Facebook was shut down for six hours in October. The site and all other sites owned by users, including Instagram, were unavailable to anyone in the world. We were able to glimpse into a new world where Facebook doesn't exist for a brief moment.
It worked out fine, surprise! It had its negative side effects, such as excluding creators and small-business owners from their work. But overall it was okay.
More people are contemplating logging off than ever, possibly for the better. This includes my entire family, but only because I need to continue working and maintaining my Shrek fan theories page. Reddit users attribute the mass departures to the platform's less fun aspect and its impact on democracy. According to Facebook, the site is used by more than 3 billion people per month and 2.6 billion users each day. This means that there are approximately 400 million people with accounts who don't log in every day. Their accounts are not kept because Facebook is fun but because it has become an integral part of their lives online. Because it is so deeply embedded in our digital DNA, deleting an account may not always be an option.
Tahmina Osmanzai, 26, told Mashable that she doesn't enjoy the platform. She keeps her account only to see the dog photos my boyfriend tags me in, and to check on any birthdays she might have forgotten. Others aren't interested in cutting community ties. A Pew Research Center 2015 study found that 28% of U.S. parents have grown children who use social networking sites such as Facebook and Twitter to communicate with them.
However, the Facebook priority of profit over health has been pulsing throughout the country over the last few weeks. Users and politicians feel that there must be a way to stop the misuse of power by the platform. The Wall Street Journal published a series called "The Facebook Files" in September. They were based heavily on leaked documents from Frances Haugen, a whistleblower. One of the many revelations was that Facebook refused to share internal studies that showed the social network is detrimental to young people's health. According to NPR, Haugen testified before the Senate on the day that Facebook shut down the platform for six hours. This was after an update to Facebook routers that coordinate network traffic went wrong. More documents have been released since then, the Facebook Papers. These documents show that Facebook continues to disregard the safety of its users.
In a vain attempt to create a "new company brand" that would encompass all it does, Facebook rebranded itself as Meta in October. However, activists aren't encouraged by a new name.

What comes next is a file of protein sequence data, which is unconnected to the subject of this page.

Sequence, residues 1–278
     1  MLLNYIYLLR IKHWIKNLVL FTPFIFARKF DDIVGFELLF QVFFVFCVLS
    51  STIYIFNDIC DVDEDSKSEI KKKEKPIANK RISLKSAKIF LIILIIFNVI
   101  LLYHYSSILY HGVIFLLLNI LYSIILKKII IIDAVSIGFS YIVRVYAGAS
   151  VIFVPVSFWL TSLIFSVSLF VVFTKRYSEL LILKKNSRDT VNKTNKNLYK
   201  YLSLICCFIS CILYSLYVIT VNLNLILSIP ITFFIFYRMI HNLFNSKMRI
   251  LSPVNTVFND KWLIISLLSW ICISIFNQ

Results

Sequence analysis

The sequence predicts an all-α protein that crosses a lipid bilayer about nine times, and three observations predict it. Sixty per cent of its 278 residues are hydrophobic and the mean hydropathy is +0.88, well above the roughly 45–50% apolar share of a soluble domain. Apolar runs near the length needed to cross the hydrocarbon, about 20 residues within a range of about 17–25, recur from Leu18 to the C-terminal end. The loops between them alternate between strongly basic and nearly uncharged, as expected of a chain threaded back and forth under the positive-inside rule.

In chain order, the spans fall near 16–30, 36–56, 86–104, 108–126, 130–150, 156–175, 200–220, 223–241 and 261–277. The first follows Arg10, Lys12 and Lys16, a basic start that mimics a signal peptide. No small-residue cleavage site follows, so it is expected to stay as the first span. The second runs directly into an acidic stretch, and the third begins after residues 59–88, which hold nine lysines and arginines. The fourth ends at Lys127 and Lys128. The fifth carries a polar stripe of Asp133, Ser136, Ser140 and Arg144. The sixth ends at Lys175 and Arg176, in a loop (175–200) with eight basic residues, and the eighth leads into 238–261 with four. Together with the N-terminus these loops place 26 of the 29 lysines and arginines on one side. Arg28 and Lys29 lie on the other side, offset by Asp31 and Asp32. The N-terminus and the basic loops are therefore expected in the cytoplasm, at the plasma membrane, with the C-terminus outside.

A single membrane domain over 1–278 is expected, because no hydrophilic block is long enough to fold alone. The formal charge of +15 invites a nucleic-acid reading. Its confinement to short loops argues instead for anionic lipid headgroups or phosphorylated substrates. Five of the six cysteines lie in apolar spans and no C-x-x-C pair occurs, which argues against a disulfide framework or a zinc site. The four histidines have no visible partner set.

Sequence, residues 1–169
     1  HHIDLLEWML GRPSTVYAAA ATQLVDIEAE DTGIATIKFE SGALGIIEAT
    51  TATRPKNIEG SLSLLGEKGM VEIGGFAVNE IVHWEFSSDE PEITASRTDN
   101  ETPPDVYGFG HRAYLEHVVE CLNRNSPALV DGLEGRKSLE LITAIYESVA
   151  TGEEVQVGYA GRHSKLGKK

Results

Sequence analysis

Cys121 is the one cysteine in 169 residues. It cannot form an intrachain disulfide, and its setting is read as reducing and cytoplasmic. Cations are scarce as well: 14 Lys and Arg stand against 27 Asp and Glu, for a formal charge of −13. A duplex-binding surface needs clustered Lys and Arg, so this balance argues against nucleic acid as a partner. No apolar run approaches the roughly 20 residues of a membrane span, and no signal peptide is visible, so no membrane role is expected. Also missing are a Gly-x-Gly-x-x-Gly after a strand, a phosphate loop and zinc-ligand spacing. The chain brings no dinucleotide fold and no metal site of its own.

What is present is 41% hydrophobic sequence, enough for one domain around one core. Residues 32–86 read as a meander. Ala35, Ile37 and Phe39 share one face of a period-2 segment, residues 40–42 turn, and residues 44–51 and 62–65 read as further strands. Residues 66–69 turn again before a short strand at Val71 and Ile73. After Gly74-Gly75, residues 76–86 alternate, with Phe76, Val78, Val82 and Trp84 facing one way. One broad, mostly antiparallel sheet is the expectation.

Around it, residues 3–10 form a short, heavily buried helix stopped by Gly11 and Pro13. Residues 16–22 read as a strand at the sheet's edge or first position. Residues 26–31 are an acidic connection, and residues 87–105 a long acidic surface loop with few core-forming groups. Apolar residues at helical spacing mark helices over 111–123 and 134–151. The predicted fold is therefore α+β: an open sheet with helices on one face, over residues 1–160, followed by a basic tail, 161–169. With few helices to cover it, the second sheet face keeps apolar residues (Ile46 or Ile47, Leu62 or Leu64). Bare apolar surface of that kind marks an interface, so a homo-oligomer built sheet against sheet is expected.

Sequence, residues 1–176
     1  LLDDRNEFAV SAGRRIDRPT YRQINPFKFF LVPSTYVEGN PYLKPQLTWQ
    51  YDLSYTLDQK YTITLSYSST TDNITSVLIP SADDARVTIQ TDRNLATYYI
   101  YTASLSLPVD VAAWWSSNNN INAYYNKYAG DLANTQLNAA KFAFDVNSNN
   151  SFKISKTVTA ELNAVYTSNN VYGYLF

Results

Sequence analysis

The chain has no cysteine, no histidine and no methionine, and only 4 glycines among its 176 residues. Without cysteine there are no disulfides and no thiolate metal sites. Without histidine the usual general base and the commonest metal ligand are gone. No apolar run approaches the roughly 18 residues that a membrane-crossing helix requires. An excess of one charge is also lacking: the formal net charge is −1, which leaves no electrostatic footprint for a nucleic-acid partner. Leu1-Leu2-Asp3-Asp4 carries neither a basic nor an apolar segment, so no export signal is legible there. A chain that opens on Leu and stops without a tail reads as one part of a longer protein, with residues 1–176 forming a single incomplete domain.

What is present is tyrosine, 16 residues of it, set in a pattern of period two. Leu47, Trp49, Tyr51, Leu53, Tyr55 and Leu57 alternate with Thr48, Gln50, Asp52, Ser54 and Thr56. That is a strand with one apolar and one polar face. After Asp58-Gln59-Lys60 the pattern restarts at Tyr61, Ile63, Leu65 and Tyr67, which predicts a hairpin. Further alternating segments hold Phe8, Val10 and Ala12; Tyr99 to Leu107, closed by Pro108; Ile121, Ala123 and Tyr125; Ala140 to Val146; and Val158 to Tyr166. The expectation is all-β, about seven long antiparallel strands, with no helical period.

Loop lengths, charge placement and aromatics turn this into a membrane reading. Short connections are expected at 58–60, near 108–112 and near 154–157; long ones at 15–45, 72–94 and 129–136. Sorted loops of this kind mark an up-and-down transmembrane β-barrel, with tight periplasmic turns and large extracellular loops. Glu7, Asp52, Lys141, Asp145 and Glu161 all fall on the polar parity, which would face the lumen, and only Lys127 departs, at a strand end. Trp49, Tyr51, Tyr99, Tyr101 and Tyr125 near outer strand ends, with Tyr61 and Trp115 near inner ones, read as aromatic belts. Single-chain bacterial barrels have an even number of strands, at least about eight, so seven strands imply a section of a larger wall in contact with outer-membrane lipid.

Jessica Quiason, the Action Center on Race and the Economy's deputy research director, stated in a statement that "for too long, Black, Brown, and Muslim communities have been targeted and penalized because of lies spread on Facebook platforms." "Only together can we stand up to Facebook, and show them that our community is worth more than their profits.
The Action Center on Race and the Economy forms part of a group of over 40 state- and national-based organizations including NARAL Pro-Choice America, the Women's March, United We Dream and MoveOn. They are asking users to log out of Facebook and Instagram between November 10 and 13 in support of the extensive policy changes at Facebook to ensure their safety. This three-day strike is intended to show Facebook how important it is to its users and to encourage them towards better treatment.
Juanita Monsalve is the senior marketing and creative manager at United We Dream. She stated in a statement, that social media platforms such as Facebook have for too long "prioritized profits over the safety and security of its users, particularly Black, Brown, and immigrant communities." Monsalve said that while Facebook has caused harm, UWD's Facebook page remains an important part in communicating with their members.
Monsalve stated, "We all know the importance of connecting online. That is why United We Dream Logging Out is being implemented." "We are collectively taking action and using our people power, demanding safer and better online spaces. These groups encourage users to log out to demand that Facebook improve content moderation, algorithm transparency and accountability.
It is hard to imagine Facebook being deleted. However, it can be used to log on to other apps such as Tinder or Spotify, and to remember birthdays. You can still put your friend's birthdays in a calendar and create unique logins for other apps. This will allow you to reconnect with old friends. It's possible to imagine a world without Facebook. We saw the fall of MySpace, so why shouldn't Facebook? It would allow for another platform to emerge, and hopefully not repeat all of Facebook's mistakes.
Research shows that the main reason people leave Facebook or other social media sites is due to social movements like #DeleteFacebook. This makes quitting social networking a popular trend or avoiding the negative effects social media can have on your mental health.
Although it seems unlikely that Billions of users will leave Facebook, three days of being off the platform is reasonable. Facebook is losing young teens already. All of this negative publicity could encourage users turn to other platforms or apps like MeWe, which prioritize privacy.